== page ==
Morals for your story: 1-24-11


Don’t worry; I don’t live in the dorms or in Mines Park.

Recently a friend was studying at my apartment. He noticed some bugs on my reclining chair and said they were bedbugs. As soon as I was convinced that he was right, which took about two minutes of a Google search, my friend helped me carry the chair to the alley. We could not lift it into the Dumpster, so we left it beside said Dumpster. My friend didn’t stay much longer, and he texted me on the way to his car to tell me that the chair was gone.

What should I do? Am I ethically obligated to put up a notice in my building to warn people that the recliner has bedbugs? Or do I let them alley-shop at their own risk?
–Recently Exterminated


Oh my goodness. Please, please put a notice up. I recently moved into a new apartment to find that the previous tenants had a serious bed bug problem, which had spread to the surrounding four units. The cause of the infestation was a (now evicted) neighbor who found a sofa in a dumpster. If they had known, it wouldn’t have spread to the surrounding units. You might be bed bug free for now… but if, say, your neighbor picked it up, you’re going to be in trouble soon. They can be such a hassle to get rid of—protect yourself and those around you, and let the community know.
–Been There, Done That

I believe that it is an ethical obligation for you to post the information of your chair’s infestation. However, blanketing the entire apartment complex you are in with this information is not the most rational way to do this; firstly, because it would create a large panic within the building which could have easily been avoided, and secondly, it isn’t even known if the “sidewalk shopper” even resides in your building. So, a publicly broadcasted message of this bed bug problem would be to little effect.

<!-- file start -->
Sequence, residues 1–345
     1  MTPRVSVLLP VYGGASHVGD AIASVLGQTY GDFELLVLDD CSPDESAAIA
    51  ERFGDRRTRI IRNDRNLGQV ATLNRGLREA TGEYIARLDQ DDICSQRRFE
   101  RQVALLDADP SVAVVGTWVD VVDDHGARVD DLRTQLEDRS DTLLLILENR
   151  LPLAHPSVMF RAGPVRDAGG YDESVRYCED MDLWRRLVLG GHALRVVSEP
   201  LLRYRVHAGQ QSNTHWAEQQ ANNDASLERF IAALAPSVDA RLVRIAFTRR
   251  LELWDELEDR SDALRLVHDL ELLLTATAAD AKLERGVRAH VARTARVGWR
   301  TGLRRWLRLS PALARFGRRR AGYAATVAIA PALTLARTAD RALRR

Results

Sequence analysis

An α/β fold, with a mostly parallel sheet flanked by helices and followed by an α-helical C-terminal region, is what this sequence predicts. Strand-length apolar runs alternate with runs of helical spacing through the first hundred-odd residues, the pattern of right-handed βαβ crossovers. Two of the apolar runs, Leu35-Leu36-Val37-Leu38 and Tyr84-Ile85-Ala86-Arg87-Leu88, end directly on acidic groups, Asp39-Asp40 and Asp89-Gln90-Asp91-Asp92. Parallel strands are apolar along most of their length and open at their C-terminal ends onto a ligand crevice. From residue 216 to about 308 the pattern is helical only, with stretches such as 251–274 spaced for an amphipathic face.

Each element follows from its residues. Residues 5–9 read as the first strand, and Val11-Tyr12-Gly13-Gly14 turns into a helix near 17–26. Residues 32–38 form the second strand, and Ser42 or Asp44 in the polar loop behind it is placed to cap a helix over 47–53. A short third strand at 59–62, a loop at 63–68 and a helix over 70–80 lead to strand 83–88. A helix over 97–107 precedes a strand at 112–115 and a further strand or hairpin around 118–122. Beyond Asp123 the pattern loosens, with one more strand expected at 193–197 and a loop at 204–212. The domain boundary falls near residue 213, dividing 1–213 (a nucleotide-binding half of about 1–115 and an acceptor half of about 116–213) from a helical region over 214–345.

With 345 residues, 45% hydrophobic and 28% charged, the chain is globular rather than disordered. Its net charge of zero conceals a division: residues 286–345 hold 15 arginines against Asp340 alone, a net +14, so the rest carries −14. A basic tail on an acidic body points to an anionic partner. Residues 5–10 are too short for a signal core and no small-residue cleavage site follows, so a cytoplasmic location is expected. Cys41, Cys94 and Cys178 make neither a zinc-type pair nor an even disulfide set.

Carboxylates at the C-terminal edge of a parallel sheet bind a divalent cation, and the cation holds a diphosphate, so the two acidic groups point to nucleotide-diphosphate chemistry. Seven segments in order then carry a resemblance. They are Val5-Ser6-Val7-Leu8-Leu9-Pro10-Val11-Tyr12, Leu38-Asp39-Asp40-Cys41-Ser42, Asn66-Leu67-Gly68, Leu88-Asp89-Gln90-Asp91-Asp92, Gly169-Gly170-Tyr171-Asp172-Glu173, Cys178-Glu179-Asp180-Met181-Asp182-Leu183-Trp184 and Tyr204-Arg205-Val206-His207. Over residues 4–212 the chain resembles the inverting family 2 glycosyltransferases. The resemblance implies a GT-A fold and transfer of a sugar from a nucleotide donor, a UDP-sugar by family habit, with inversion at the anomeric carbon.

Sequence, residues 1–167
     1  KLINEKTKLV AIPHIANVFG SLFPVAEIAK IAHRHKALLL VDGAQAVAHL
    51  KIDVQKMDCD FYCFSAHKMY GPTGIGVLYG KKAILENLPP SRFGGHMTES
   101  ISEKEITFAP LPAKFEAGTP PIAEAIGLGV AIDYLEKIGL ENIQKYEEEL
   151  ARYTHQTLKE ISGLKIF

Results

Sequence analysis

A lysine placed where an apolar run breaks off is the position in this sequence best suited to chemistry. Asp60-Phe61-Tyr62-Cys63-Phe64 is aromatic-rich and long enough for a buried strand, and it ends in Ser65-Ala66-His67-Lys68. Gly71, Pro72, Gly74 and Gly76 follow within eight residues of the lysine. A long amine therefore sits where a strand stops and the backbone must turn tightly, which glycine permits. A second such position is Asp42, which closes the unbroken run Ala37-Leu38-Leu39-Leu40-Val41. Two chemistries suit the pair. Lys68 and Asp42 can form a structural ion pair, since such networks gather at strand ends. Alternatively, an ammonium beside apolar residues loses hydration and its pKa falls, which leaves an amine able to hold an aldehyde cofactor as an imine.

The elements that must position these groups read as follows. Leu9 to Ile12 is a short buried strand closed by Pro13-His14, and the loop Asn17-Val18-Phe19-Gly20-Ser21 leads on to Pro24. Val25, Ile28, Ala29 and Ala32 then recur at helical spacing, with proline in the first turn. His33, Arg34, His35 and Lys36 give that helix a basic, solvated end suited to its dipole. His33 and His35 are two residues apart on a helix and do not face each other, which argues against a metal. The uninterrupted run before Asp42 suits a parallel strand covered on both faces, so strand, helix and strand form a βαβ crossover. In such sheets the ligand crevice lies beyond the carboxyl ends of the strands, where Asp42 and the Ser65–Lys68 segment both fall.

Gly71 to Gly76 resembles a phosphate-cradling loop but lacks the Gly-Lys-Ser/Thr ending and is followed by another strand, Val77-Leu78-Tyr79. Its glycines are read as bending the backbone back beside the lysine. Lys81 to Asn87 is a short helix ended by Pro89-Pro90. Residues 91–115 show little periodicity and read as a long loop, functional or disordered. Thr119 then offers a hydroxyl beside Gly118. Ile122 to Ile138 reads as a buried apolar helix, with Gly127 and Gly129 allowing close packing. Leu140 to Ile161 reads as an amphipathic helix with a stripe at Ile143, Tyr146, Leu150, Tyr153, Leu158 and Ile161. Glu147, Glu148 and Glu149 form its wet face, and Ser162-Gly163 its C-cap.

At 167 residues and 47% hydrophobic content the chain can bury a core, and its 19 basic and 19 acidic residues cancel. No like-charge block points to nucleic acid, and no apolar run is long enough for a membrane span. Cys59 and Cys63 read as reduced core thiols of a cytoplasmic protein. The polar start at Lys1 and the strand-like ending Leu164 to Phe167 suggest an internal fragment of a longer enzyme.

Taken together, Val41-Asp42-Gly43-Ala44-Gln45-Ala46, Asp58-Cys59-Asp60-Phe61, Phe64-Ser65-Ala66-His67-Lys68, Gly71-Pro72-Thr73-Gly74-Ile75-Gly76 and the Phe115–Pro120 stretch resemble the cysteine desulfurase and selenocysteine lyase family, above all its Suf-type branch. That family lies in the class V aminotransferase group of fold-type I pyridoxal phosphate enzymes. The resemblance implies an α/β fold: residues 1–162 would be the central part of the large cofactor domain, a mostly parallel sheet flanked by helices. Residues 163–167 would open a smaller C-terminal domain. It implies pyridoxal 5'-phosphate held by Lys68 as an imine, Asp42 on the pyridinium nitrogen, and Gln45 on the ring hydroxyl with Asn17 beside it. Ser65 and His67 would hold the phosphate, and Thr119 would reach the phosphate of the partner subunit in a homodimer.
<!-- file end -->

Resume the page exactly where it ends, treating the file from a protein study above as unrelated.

Instead, you should post a discreet, anonymous message near the dumpster, explaining that if anybody picked up a chair near that dumpster, it should be inspected immediately. By doing this, three things are accomplished: You are satisfying your ethical responsibility to whoever picked up the chair, you prevent panic from spreading like wildfire among your peers in your building, and you maintain your anonymity. I hope you find this information to be useful.

I do not think that you are obligated to find the person who took the chair and tell them that it had bed bugs; however, it is socially polite for you to make a sign that has a statement about the chair and tells what the problem was. This would take you all of a couple of minutes to make and you could print a couple and put one on the door to the building and one by the dumpster.

Based solely on the fact that the chair was next to a dumpster, I am led to believe that the person who left the reclining chair behind has no responsibility to post anything in the form of a public service announcement. For all we know, whoever picked up the chair lives in another part of town and noticed a stray piece of furniture and figured they would be able to use it. Unless said person is blind, they would notice the bedbugs and take care of the problem. If you feel the need to post a PSA, there is definitely no harm in doing so, but I do not believe you are ethically obligated.

Next Week’s Dilemma

When I got accepted to Mines my grandfather offered to pay for my college tuition. He said an engineering degree is a worthwhile investment. He doesn’t think a marine biology degree is a worthwhile investment, though, so he’s not paying for my brother’s college tuition. The bad news is that I’ve decided I want to change my major. To physics.

Is it unethical not to tell him? Is there anything wrong with letting him see for himself on graduation day? Maybe he won’t come to graduation and he’ll never have to know. Or maybe I’m obligated to keep studying what he offered to pay for because life isn’t supposed to fun anyway or something like that.
–Physics Rebellion

We would love to know what you think Physics Rebellion should do and the reasons that make you think so.

Do you have an ethical dilemma in your personal, academic, or professional life? You don’t have to figure it out on your own. Send your ethical dilemmas and responses to Physics Rebellion to: by midnight on Friday, January 28th.

Be sure to let me know if you want your name printed or not and if you have a preferred nickname what it is. We look forward to hearing from you.

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